Portable PCs are wasteful, whether we’re talking about your gaming laptop, notebook, or Steam Deck. These systems lack the repairability and upgrade potential found in their desktop counterparts, forcing you to buy an entirely new device a few years down the line if you want something more powerful, generating a substantial amount of e-waste. Enter Dell Concept Luna, which hopes to change manufacturing processes in service of a more reusable and recyclable future.
Dell has made some updates to its prototype after revealing it last year, which I can only hope will slowly make their way into the company’s best gaming laptop models. For those unfamiliar with Concept Luna, it’s essentially a modular notebook similar to those produced by Framework. However, it goes one step further by attempting to remove any and all screws needed for assembly, in addition to pesky ribbon cables.
In practice, this makes it extremely easy to replace components inside a laptop and dare I say even easier than a desktop PC. In the video demonstration given by Dell, disassembling all of Concept Luna took little effort and was accomplished in just a few minutes, screen included. This, naturally, should make more devices repairable and reduce the time needed to diagnose and conduct repairs either by human hands or that of a robot.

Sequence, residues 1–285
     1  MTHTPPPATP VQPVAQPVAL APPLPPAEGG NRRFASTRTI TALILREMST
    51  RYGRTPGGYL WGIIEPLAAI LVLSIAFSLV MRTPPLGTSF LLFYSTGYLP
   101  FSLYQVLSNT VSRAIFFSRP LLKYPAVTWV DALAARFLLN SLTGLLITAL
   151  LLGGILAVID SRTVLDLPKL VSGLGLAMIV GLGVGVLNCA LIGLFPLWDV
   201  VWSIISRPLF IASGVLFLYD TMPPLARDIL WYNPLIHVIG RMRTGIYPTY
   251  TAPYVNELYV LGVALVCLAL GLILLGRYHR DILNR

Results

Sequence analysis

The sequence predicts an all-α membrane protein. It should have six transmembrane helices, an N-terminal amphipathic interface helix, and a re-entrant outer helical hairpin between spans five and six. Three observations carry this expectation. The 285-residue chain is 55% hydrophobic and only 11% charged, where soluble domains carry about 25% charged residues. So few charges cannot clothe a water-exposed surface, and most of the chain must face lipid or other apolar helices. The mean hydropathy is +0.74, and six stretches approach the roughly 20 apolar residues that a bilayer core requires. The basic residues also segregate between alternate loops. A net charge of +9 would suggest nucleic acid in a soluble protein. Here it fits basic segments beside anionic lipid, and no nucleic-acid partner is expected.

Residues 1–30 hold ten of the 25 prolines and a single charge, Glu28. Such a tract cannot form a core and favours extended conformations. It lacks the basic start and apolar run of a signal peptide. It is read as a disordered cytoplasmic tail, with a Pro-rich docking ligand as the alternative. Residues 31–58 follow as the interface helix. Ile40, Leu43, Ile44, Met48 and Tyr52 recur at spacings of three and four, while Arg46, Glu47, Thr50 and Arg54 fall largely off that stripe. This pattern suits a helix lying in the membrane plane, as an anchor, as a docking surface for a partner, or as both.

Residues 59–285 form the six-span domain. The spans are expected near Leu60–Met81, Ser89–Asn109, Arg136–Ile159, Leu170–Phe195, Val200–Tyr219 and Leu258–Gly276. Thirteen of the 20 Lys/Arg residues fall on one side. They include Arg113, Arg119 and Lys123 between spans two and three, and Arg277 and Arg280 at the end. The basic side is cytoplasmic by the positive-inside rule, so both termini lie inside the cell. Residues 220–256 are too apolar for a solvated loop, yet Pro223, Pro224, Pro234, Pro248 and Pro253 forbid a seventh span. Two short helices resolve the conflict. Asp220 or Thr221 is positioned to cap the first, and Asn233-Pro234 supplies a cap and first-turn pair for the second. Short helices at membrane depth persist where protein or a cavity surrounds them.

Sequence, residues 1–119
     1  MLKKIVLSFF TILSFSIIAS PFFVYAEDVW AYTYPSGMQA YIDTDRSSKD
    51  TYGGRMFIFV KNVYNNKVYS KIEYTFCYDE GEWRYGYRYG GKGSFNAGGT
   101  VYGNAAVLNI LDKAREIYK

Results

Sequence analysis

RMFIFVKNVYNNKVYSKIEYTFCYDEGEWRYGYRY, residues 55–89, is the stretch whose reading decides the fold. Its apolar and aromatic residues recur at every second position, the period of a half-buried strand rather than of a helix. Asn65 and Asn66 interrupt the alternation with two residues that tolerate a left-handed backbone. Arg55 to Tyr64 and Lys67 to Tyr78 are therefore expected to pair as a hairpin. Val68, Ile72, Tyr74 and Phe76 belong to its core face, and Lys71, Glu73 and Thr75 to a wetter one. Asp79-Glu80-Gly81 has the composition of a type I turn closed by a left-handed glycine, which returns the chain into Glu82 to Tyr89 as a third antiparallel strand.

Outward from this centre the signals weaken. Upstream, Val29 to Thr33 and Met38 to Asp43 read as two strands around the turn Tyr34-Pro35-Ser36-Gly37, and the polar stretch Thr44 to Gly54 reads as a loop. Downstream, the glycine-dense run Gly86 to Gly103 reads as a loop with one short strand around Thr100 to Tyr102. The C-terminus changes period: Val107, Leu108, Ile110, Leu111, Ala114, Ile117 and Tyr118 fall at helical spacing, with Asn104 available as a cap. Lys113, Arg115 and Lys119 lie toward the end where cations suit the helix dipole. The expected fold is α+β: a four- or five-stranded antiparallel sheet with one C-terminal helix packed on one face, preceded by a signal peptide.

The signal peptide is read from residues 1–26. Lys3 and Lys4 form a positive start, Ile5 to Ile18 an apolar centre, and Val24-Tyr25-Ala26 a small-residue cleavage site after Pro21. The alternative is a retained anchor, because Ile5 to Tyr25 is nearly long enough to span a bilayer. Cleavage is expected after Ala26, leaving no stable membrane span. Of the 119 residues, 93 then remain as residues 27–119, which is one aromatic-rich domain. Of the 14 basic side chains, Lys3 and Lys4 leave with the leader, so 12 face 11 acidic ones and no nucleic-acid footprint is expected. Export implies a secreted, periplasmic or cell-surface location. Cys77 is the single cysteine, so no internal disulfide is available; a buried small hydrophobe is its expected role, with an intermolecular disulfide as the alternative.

Wanting to reduce the more than 57 million tonnes of e-waste that enters landfills each year is a noble goal in itself, but modular designs could benefit consumers just as much as the environment. Say your CPU and GPU are falling behind the times, but you’re otherwise happy with everything else about your gaming laptop; wouldn’t it be great if you could just swap out your motherboard for a much lower cost? You wouldn’t have to put up with faulty components either, like a damaged screen or unreliable USB input, as you could simply swap them out.
It’s impossible to tell when Concept Luna will make the jump from prototype to working laptop, if ever. For now, companies like Framework are your best bet if you fancy something you can upgrade down the line and reuse parts from to build other systems. Here’s hoping that a future where a modular Steam Deck exists isn’t just pure science fiction, for the good of consumers and the planet.